Publication Date

Fall 12-2010

Degree Type

Master's Project

Degree Name

Master of Science (MS)

Department

Computer Science

First Advisor

Mark Stamp

Second Advisor

Robert Chun

Third Advisor

Teng Moh

Abstract

In modern computer systems, usernames and passwords have been by far the most common forms of authentication. A security system relying only on password protection is defenseless when the passwords of legitimate users are compromised. A masquerader can impersonate a legitimate user by using a compromised password.

An intrusion detection system (IDS) can provide an additional level of protection for a security system by inspecting user behavior. In terms of detection techniques, there are two types of IDSs: signature-based detection and anomaly-based detection. An anomaly-based intrusion detection technique consists of two steps: 1) creating a normal behavior model for legitimate users during the training process, 2) analyzing user behavior against the model during the detection process.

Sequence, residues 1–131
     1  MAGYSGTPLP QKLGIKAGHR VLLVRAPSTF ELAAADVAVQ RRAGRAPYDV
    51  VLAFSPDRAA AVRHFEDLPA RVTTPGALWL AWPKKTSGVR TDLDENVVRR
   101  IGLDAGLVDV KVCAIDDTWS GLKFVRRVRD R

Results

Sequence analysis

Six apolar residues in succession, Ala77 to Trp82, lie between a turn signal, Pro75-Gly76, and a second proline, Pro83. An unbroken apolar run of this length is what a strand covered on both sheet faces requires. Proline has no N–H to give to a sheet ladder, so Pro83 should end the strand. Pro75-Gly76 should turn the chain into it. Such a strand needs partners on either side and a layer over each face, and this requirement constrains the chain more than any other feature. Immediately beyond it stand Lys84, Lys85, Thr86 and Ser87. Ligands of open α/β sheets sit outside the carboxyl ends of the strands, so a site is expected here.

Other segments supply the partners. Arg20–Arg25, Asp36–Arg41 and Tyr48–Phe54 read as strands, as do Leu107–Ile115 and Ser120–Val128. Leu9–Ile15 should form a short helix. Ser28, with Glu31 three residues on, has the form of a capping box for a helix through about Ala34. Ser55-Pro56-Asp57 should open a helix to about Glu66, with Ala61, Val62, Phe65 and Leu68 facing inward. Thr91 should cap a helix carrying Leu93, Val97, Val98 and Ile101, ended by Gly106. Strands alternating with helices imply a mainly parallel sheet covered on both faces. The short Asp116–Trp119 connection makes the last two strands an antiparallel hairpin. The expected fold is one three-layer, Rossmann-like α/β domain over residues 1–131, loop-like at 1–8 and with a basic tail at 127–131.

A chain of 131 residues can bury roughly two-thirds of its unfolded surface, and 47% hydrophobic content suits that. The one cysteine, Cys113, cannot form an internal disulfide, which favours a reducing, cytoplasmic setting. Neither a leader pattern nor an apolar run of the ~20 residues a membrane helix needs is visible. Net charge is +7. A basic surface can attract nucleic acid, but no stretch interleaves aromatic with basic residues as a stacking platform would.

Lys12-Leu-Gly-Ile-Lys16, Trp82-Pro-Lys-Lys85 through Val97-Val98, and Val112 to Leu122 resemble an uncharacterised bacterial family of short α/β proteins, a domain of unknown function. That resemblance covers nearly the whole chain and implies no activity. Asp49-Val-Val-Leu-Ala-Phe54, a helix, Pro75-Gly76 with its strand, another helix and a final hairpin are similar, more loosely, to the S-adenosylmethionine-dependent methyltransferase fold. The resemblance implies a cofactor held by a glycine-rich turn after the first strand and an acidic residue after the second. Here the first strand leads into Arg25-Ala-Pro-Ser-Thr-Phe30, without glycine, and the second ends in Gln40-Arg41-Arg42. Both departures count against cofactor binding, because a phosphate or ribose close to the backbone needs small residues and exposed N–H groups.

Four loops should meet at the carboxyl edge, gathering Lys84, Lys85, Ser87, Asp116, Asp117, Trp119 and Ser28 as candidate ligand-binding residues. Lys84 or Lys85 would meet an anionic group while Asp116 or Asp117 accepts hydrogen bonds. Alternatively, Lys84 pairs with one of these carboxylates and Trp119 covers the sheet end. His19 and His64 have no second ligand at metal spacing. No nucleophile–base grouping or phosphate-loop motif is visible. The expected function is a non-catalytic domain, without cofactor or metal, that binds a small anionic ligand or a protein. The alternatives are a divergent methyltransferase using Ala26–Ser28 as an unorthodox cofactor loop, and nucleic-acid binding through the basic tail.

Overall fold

In this project, we concentrate on masquerade detection, a specific type of anomaly-based IDS. We have first explored suitable techniques to build a normal behavior model for masquerade detection. After studying two existing modeling techniques, N-gram frequency and hidden Markov models (HMMs), we have developed a novel approach based on profile hidden Markov models (PHMMs). Then we have analyzed these three approaches using the classical Schonlau data set. To find the best detection results, we have also conducted sensitivity analysis on the modeling parameters. However, we have found that our proposed PHMMs do not outperform the corresponding HMMs. We conjectured that Schonlau data set lacked the position information required by the PHMMs. To verify this conjecture, we have also generated several data sets with position information. Our experimental results show that when there is no sufficient training data, the PHMMs yield considerably better detection results than the iv corresponding HMMs since the generated position information is significantly helpful for the PHMMs.

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